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# Hysteresis Loop – Definition, Energy Loss, Advantages, Sample Questions

• Last Updated : 23 Nov, 2021

In a system with a magnetic field, hysteresis occurs. Ferromagnetic materials have a common characteristic called hysteresis. The hysteresis effect is a phenomenon that occurs when the magnetization of ferromagnetic materials lags behind the magnetic field.  The word hysteresis means “lagging.” Magnetic flux density (B) lags after magnetic field strength, resulting in hysteresis (H).

Hysteresis is a property of all ferromagnetic materials. Let’s look at an example where a ferromagnetic material is placed within a current-carrying coil to better grasp the notion. The material becomes magnetized as a result of the magnetic field present. Hysteresis is known as the process of demagnetizing a material by reversing the direction of the current.

### Hysteresis Loop

The magnetic flux density and the magnetising field strength are represented by the hysteresis loop. The loop is created by monitoring the magnetic flux emitted by the ferromagnetic material while the external magnetising field is changed. The graph will indicate a hysteresis loop if B is measured for various values of H and the results are presented in visual formats.

• When the magnetic field strength (H) is increased from zero, the magnetic flux density (B) increases.
• As the magnetic field is increased, the value of magnetism rises until it hits point A, which is known as the saturation point, where B remains constant.
• With a drop in the value of the magnetic field, there is a decrease in the value of magnetism. However, when B and H are both zero, the substance or material retains some magnetic, which is known as retentivity or residual magnetism.
• When there is a reduction in the magnetic field towards the negative side, magnetism likewise decreases. The material is entirely demagnetized at point C.
• Coercive force is the amount of force necessary to eliminate a material’s retentivity (C).
• The cycle is repeated in the opposite direction, with the saturation point D, retentivity point E, and coercive force F.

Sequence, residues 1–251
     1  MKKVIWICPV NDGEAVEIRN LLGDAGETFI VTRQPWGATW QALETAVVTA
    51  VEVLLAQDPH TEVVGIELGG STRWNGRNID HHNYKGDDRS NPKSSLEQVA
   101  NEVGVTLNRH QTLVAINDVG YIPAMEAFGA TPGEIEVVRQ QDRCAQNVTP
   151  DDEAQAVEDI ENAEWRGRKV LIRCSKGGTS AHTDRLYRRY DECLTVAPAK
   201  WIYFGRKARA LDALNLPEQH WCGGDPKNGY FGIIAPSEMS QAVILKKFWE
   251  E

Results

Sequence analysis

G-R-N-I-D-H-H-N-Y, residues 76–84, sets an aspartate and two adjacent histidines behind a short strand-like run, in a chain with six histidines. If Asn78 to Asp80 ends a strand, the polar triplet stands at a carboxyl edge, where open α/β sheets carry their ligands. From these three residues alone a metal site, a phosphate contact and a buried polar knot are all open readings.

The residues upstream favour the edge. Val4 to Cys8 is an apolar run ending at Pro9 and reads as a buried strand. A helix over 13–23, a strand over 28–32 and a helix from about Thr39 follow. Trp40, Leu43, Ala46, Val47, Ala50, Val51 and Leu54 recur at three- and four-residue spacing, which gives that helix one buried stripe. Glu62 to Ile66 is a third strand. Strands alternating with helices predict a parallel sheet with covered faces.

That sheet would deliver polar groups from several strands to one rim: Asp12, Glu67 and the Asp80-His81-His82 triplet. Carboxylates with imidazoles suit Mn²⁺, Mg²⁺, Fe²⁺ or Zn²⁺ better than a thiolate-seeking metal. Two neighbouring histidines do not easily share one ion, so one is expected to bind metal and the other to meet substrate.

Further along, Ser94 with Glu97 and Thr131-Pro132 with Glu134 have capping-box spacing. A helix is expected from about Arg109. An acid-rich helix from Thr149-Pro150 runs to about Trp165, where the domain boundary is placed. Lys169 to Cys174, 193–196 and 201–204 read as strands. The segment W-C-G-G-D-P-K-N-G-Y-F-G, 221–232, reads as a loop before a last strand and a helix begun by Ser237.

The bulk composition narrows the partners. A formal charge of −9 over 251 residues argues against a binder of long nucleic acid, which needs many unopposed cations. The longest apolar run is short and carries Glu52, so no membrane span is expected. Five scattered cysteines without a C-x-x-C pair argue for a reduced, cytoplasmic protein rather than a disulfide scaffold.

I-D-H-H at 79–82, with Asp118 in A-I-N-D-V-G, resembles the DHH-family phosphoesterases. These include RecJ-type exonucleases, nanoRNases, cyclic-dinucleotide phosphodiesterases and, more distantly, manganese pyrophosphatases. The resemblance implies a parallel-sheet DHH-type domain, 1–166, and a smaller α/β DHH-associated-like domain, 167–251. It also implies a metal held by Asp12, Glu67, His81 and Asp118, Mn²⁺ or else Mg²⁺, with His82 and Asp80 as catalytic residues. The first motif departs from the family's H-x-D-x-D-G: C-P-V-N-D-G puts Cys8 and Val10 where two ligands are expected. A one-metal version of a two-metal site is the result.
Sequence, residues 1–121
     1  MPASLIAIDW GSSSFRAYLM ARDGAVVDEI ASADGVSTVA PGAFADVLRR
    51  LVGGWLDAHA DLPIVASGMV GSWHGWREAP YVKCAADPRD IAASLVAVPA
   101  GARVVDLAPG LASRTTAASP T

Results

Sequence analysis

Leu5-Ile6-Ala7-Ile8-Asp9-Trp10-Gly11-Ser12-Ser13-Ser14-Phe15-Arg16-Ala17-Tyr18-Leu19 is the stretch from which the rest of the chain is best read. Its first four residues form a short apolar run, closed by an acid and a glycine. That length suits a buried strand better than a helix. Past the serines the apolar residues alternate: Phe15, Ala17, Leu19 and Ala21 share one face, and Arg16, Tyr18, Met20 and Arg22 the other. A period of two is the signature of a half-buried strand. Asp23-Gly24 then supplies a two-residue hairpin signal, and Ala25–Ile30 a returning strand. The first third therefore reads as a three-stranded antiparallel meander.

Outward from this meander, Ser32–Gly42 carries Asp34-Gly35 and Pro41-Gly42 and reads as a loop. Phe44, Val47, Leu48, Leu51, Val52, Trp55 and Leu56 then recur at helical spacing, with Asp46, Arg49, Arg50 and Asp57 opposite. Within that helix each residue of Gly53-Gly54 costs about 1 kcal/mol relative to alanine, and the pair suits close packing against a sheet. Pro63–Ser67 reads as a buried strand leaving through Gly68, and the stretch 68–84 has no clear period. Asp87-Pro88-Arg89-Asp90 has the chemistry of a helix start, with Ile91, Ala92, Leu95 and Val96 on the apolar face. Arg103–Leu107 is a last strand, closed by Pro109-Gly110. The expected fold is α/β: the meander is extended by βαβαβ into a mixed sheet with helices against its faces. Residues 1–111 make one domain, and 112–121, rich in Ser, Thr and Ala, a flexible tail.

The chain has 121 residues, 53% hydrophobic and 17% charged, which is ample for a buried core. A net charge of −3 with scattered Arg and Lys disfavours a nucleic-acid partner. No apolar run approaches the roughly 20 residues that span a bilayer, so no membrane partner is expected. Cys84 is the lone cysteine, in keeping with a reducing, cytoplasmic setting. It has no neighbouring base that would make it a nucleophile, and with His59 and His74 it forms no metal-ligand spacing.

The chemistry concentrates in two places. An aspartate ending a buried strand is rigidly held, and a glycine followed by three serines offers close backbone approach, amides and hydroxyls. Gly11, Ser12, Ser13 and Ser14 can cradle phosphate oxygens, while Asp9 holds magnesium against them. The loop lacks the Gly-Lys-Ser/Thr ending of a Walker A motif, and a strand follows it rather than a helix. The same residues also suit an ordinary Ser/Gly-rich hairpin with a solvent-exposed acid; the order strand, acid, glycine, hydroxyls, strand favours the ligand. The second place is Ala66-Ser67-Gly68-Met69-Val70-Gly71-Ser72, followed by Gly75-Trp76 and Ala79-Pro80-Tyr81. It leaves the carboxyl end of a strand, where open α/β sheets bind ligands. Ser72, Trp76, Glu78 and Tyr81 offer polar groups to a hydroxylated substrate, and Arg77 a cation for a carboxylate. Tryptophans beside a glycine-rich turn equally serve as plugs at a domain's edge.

• The cycle is complete due to the forward and opposite direction processes, and this cycle is known as the hysteresis loop.

1. The loss of hysteresis is shown by a decreased area of the hysteresis loop.
2. The relevance of retentivity and coercivity is provided by the hysteresis loop to a material. As a result, the heart of machines makes it easier to choose the correct material for making a permanent magnet.
3. The B-H graph may be used to determine residual magnetism, making a material selection for electromagnets straightforward.

### Retentivity and Coercivity

After an external magnetising field is used to magnetise a ferromagnetic material, the material will not relax back to its zero magnetization state when the external magnetising field is removed.

Retentivity – It is the amount of magnetism that remains after the external magnetising field is withdrawn. It refers to a material’s capacity to maintain certain magnetic properties after an external magnetising force has been withdrawn. The value of flux density at the hysteresis loop’s point B is the retentivity.

Coercivity – The coercivity of substance is defined as the amount of reverse(-ve H) external magnetising field necessary to totally demagnetize the substance. The value of H at the hysteresis loop’s point C is the coercivity.

### Energy Loss due to Hysteresis

1. The greatest example of analysing energy loss due to hysteresis is a transformer because we know that energy is required throughout the magnetization and demagnetization processes.
2. Energy is expanded during the magnetization and demagnetization of magnetic objects, and this expanded energy manifests as heat. Hysteresis loss is the term for this type of heat loss.